Neo-liberalism, crisis and the contradictions of depoliticisation
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Colleges, School and Institutes
This paper develops a political economy analysis of depoliticisation in the context of the crisis of neo-liberalism in Western Europe. Following a discussion of the theoretical foundations of the concept, it emphases that whilst depoliticisation strategies are often associated with neo-liberalism, such strategies have a longer trajectory existing even within Keynesian regimes. The paper then details the many forms taken by depoliticisation within neo-liberal governing regimes focusing on the reorganisation of civil society and the state from the late 1970s to the present primarily with examples from the UK. It suggests, contrary to much popular discussion, that there is a significant degree of continuity in the form of economic management followed before, during and after the recent financial crisis of 2008/09. Both in terms of ideology and practice, many governments have maintained and even deepened their commitment to depoliticised governing principles. However it seems clear that attempts to depoliticise neo-liberal economic policy have not enabled state managers to avoid the emergence of crisis at the level of the state. Contrary to accounts which argue in simplistic fashion that `economic' crisis produces `political' crisis, this paper suggests that crisis is best understood as expressed simultaneously in both economic and political forms. Crisis at the level of the state precipitated in part by the entrenchment of depoliticised governing strategies is not simply the result of economic crisis but is an aspect of that crisis contributing to its depth and apparent insolubility. In this way the paper challenges some critiques of depoliticisation which have suggested (Hay 2014, 303) that the concept is in part both fatalistic and functionalist removing much of the political contingency of the moment of crisis itself.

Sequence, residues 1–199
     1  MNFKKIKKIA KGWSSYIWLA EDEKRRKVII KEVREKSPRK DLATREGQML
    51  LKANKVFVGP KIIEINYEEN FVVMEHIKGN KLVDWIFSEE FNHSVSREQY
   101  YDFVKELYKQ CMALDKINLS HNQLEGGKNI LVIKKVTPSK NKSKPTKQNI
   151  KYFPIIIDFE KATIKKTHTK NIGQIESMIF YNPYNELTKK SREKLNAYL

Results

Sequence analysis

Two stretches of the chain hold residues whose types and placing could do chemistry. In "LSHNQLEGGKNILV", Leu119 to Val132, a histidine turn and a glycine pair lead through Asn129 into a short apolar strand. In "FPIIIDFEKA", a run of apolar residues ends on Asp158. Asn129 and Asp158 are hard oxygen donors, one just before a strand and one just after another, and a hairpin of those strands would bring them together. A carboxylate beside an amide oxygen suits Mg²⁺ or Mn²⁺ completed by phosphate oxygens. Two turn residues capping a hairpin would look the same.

|Number of pages||24|
|Journal||Partecipazione e Conflitto|
|Publication status||Published - 15 Jul 2017|
- Crisis, Depoliticisation, Economy, Neo-liberalism, State